Born to Run…Companies
February 1 2001 by Peter Buxbaum
Expect the unexpected from Paula Jagemann.
While she now speaks with the soft twang of the
“My mother worked all kinds of hours at two jobs,” says Jagemann, who is the youngest of four children reared by a single mom. “I took after her and that’s how I got ahead. I was willing to work until I bled.”
After high school, Jagemann landed a hotel job with the Trump organization, where she rose quickly to the ranks of management. While visiting a friend in
Next, Jagemann became the executive assistant and then protege of John Sidgemore, now vice chairman of WorldCom, and made a cool $3 million when Sidgemore’s UUnet was sold to the global telecom giant. Sidgemore participates in eci2, the company Jagemann helped found, as investor, chairman, and architect of its business model.
“My brother-in-law had been in office supplies forever and he did well for himself without breaking much of a sweat,” says Jagemann, recounting the serendipity that led her to the online office supply business. “The big chains like Staples reach the retail trade and the Fortune i000, but miss the middle market.”
That market is served by 15,000 independent retailers in the
Jagemann’s first task was to webify United Stationers. “They realized we could get them into the dot-com space,” she says. Her next step was to have eci2 build Web solutions for the office supply industry and to sell eci2′s proprietary software, which automates the dealers’ complex pricing schemes and provides them with a Web storefront. “We had 50o customers in February and now have 1,200,” says Jagemann.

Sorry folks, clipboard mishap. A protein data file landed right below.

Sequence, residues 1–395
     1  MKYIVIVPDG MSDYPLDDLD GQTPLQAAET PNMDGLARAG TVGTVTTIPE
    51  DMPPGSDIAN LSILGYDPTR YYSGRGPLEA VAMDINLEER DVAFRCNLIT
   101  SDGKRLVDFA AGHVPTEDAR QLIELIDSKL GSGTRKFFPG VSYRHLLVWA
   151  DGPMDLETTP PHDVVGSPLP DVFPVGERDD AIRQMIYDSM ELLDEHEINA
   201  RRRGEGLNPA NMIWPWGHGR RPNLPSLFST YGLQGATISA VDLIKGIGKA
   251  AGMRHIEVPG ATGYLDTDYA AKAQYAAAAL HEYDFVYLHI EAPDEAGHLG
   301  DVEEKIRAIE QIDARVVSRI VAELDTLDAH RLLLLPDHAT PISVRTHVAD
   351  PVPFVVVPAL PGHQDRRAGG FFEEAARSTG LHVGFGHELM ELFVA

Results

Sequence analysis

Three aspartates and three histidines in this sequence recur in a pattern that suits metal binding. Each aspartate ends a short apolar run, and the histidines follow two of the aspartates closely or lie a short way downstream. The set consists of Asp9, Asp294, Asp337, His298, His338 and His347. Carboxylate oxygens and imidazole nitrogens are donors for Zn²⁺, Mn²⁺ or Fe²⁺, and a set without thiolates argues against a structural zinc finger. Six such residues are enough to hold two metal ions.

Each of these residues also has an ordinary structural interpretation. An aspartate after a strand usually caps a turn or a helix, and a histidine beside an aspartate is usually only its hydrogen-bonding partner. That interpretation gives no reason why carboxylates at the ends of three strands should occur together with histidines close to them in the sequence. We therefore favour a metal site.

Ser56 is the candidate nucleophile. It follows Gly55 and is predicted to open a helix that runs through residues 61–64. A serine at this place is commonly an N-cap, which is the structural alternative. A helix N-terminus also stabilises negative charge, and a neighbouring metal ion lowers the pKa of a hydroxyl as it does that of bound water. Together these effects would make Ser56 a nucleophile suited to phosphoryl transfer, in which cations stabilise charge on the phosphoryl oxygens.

While Vienna, VA-based eci2 brought in just $i million in product sales last year, Jagemann has ambitious growth plans, expecting to generate $40 million in revenue this year, $75 million next year, and reach profitability the following year. The lion’s share of revenues, obviously, will come from eci2′s infrastructure efforts, and Jagemann says she may jettison the direct sales operation. eci2 is also in the process of building an Office Products Digital Exchange, where manufacturers and distributors can sell excess inventory.
While new economy ventures are out of favor, Forrester Research analyst Matt Sanders believes the office supply space is a good bet. “We project online sales of office products and paper to amount to $235 billion by 2004,” he says. “Office products fall into an interesting category of indirect materials. Companies are more likely to take the plunge with less than mission critical activities.”
The number of office products sites and e-marketplaces are abundant and growing, according to Sanders, making Jagemann’s infrastructure play look pretty smart.
“Not bad for a poor girl from the
“If I could outsource kids, I would.”
Family: Husband, Joe, who now works in sates for eci2. Hopes to start a family in three years, preferably with twins. “If I could out-source kids, I would.”
Education: BA, economics,
Interests: Rides a horse named Tank “who tortures me.”
Personality type: “Type A, without the nasty aftertaste.”